Kustathius Psalidas, of Bucharest, a physician, made the tour of England for the purpose of study (zágon palhoews): but though his name is enumerated, it is not stated that he has written any thing.
Kallinikus Torgeraus, Patriarch of Constantinople: many poems of his are extant, and also prose tracts, and a catalogue of patriarchs since the last taking of Constantinople.
Anastasius Macedon, of Naxos, member of the royal academy of Warsaw. A church biographer.
Demetrius Pamperes, a Moscopolite, has written many works, particularly “A Commentary on Hesiod's Shield of Hercules,” and two hundred tales (of what is not specified), and has published his correspondence with the celebrated George of Trebizond, his cotemporary.
Meletius, a celebrated geographer; and author of the book from whence these notices are taken.
Dorotheus, of Mitylene, an Aristotelian philosopher: his Hellenic works are in great repute, and he is esteemed by the moderns (I quote the words of Meletius) petà còn Θουκυδίδης και Ξενοφώντα άριστος Ελλήνων. I add further, on the authority of a well-informed Greek, that he was so famous amongst his countrymen, that they were ac. customed to say, if Thucydides and Xenophon were wanting, he was capable of repairing the loss.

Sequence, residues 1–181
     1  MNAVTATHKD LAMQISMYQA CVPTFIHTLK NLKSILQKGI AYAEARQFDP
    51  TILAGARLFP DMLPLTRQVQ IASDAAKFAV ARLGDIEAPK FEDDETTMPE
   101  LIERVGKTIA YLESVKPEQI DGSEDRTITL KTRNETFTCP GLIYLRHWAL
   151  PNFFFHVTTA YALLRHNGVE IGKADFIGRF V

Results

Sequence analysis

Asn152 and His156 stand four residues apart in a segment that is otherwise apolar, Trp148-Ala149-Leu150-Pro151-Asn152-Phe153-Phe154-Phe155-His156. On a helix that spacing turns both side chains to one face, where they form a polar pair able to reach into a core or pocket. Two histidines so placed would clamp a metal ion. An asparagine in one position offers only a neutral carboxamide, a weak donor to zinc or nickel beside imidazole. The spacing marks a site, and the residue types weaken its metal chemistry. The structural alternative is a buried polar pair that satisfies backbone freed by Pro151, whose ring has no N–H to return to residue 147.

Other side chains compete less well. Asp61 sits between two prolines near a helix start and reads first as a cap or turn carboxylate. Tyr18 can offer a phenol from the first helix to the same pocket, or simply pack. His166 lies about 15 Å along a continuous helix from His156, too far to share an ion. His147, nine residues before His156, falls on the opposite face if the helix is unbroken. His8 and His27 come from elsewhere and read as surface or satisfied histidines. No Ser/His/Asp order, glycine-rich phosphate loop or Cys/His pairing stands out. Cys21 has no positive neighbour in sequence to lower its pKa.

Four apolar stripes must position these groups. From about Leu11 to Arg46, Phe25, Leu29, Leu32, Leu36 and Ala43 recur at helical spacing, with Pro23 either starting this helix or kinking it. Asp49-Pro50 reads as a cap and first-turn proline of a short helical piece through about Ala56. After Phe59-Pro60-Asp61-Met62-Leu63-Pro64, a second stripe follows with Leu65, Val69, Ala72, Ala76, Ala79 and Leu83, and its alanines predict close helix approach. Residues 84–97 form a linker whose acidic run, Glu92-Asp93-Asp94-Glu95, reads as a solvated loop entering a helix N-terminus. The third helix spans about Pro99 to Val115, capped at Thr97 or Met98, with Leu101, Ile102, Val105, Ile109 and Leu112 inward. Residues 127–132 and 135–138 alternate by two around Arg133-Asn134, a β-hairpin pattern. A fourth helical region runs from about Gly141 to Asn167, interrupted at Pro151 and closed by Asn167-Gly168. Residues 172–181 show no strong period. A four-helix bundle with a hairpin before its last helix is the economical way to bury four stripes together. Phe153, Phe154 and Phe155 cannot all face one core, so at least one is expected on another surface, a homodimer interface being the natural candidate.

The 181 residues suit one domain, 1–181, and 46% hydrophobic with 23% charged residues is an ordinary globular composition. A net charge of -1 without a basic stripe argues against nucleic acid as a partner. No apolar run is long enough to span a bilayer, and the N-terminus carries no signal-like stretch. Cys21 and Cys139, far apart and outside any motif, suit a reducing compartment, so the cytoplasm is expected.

* It is to be observed that the names given are not in Onological order, but consist of some selected at a venture from ainongst those who flourished from the taking of Constantinople to the time of Meletius.
Marinus Count Tharboures, of Cephalonia, professor of chemistry in the academy of Padua, and member of that academy, and those of Stockholm and Upsal. He has published, at Venice, an account of some marine animal, and a treatise on the properties of iron.
Marcus, brother to the former, famous in mechanics. He removed to St. Petersburg the immense rock on which the statue of Peter the Great was fixed in 1769. See the dissertation which he published in Paris, 1777.
George Constantine has published a four-tongued lexicon.
There exist several other dictionaries in Latin and Romaic, French, &c. besides grammars, in every modern language, except English.
Amongst the living authors the following are most celebrated *:
Athanasius Parios has written a treatise on rhetoric in Hellenic.
Christodoulos, an Acarnanian, has published, in Vienna, some physical treatises in Hellenic.
Panagiotes Kodrikas, an Athenian, the Romaic translator of Fontenelle's “ Plurality of Worlds” (a favourite work amongst the Greeks), is stated to be a teacher of the Hellenic and Arabic languages in Paris; in both of which he is an adept.
Athanasius, the Parian, author of a treatise on rhetoric.
Vicenzo Damodos, of Cephalonia, has written “sis tò Medobógécegov, " on logic and physics.
John Kamarases, a Byzantine, has translated into French Ocellus on the Universe. He is said to be an excellent Hellepist, and Latin scholar.
Gregorio Demetrius published, in Vienna, a geographical work: he has also translated several Italian authors, and printed his versions at Venice.
Of Coray and Psalida some account has been already given.
* These names are not taken from any publication.